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International: October 8, 2004

Extensive Bribery by Saddam included UNSC Member Nations

With the publication of the Duefler Report, it is documented that Saddam Hussein did not have WMD at the time of the U.S. invasion. Opportunists who are quick to exploit the report against President Bush should consider the former positions of Bill Clinton and John Kerry.

bribechart.gifWhat is surprising is the extent to which Saddam Hussein bribed U.N. officials and UN Security Counsel member countries with oil contracts in exchange for favorable treatment (sanction ending votes) and technology [see the chart to the right - Captain’s Quarters has extensive coverage of this issue as well].

In order to eliminate sanctions and obstruct military action against him, Saddam used the UN's oil-for-food program to fund a sophisticated bribery network [Powerline]. He paid-off leading figures in the UN, France, China, Russia and elsewhere with oil-export contracts to earn more than $11 billon to keep his regime afloat. [see also Telegraph, NY Post, the Independent, AFP]. French recipients of Iraqi largesse included Patrick Maugein, a businessman believed by Saddam to have links with President Jacques Chirac. Other surprising figures included the government of Yemen, the President of Indonesia, Members of the Russian parliament, Benon Sevan, UN Chief of the Oil for food program. Charles Pasqua, businessman and former French Interior minister, Russian foreign ministry.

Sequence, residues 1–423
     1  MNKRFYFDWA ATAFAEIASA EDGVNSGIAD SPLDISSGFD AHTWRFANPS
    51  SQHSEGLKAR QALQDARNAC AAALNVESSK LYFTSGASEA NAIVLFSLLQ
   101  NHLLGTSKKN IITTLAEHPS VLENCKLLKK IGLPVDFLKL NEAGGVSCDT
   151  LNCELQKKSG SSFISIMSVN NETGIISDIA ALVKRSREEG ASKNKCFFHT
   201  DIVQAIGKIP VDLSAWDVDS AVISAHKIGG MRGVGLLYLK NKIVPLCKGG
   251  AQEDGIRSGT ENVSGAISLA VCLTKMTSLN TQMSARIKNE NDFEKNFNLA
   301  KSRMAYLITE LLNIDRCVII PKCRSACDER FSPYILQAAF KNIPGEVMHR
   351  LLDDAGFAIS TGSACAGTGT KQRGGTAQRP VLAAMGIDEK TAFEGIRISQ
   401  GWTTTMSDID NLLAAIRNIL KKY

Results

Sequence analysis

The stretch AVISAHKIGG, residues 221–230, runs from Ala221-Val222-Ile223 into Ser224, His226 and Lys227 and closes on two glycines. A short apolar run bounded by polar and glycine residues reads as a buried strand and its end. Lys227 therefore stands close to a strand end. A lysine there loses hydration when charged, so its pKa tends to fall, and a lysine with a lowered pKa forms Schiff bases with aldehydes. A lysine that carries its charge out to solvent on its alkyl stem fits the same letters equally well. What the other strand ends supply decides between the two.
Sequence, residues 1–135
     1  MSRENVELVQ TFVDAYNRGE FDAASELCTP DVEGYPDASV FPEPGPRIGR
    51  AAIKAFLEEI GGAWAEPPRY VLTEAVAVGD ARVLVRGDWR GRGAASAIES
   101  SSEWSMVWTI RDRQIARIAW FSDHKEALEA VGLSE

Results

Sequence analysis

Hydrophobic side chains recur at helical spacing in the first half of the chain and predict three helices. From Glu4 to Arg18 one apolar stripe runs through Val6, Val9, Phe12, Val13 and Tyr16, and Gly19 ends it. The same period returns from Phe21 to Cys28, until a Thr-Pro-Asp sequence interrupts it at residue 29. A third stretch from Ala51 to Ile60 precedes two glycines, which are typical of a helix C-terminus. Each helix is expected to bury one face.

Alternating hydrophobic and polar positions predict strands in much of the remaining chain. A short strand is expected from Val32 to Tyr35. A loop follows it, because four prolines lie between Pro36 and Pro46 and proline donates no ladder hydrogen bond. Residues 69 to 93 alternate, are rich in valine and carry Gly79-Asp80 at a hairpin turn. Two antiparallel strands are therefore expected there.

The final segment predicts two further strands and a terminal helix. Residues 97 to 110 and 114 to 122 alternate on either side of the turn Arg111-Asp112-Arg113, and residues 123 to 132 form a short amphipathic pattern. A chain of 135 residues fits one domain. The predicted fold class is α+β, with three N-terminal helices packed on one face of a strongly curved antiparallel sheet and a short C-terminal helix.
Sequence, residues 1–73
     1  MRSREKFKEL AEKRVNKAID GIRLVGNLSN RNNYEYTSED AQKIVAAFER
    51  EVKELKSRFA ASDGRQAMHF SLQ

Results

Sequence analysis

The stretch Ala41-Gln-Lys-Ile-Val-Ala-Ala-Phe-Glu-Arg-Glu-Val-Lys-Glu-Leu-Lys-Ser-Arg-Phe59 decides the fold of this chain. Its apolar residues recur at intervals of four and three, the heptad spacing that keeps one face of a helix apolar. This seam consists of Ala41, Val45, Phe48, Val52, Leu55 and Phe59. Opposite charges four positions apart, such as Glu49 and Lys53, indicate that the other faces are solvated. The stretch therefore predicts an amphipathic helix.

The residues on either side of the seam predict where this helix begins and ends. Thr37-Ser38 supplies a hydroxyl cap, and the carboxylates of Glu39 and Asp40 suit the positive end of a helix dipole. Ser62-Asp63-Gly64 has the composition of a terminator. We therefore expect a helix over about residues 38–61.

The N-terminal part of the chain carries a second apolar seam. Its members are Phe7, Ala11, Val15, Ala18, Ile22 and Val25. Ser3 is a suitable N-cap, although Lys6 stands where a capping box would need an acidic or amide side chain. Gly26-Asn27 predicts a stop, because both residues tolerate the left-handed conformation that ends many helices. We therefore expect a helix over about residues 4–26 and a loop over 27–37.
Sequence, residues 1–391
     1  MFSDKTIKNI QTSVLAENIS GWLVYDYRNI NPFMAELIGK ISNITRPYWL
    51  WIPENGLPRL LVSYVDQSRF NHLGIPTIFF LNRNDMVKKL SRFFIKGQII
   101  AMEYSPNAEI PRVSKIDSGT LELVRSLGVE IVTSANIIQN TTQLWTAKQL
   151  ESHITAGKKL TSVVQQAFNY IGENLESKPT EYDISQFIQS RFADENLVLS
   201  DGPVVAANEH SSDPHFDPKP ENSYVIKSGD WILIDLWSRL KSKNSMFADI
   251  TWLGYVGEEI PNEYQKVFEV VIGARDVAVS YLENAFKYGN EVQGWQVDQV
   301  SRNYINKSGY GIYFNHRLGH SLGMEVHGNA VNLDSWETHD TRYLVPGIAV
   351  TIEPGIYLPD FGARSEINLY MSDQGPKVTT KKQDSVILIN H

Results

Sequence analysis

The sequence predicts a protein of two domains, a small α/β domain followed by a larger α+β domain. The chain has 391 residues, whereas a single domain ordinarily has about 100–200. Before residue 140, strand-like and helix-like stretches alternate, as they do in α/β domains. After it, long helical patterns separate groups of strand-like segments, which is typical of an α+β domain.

Peter Rodinov, Russia’s energy minister, went to Baghdad in 1997 to discuss a $12 billion oil deal. Two years later, Russian experts travelled to Iraq to provide advice on missile-guidance systems.

China, which also holds a UN veto, featured heavily in Iraqi contracts. Its companies supplied rocket guidance electronics to Iraq, "disguised as children’s computer software". [more]


Memos from Iraqi intelligence officials, recovered by American and British inspectors, show the dictator was told as early as May 2002 that France - having been granted oil contracts - would veto any American plans for war. [more]

His purchased friends gave him boldness and led him to the following conclusions:

Saddam, the report says, considered that the Desert Fox bombings of February 1998 would be the "worst he could expect from Western military pressure", because the UN system would stop the US carrying out any other action. [more from Captain's Quarters]

Updates:

The United Nations agency that provides assistance and food aid to Palestinian refugees admits it has hired members of the terrorist group Hamas to help in its efforts. [BlogsforBush]

Misreporting the Duefler Report [hat tip: Instapundit]

Glenn Reynolds - Although everybody's talking about weapons of mass destruction, the story that's not being reported --you'd almost think the press "wants Kerry to win"-- is the complete collapse of John Kerry's foreign policy case, and the reason for that collapse... It's hard to pass the "Global Test" when the people grading it are being bribed to administer a failing grade. Perhaps Kerry should change his stance, and promise that a Kerry Administration would "outbid the bad guys." That approach is more likely to succeed than the one he's been touting, which even he has admitted is doomed. [hat tip: political brief]

See my prior thoughts on why Kerry's foreign policy is flawed (due to UN corruption).

Claudia Rosett, National Review - This was not simply a little corruption, however. And it was not vague, and it was not faceless, and it was anything but benign. The Duelfer report takes us right into the caverns of corruption, political rot, arms traffic, and U.N. complicity that under cover of a relief operation was allowing Saddam to to prosper.

See Key Findings by Joshua Claybourn

Posted by tim at October 8, 2004 12:37 PM




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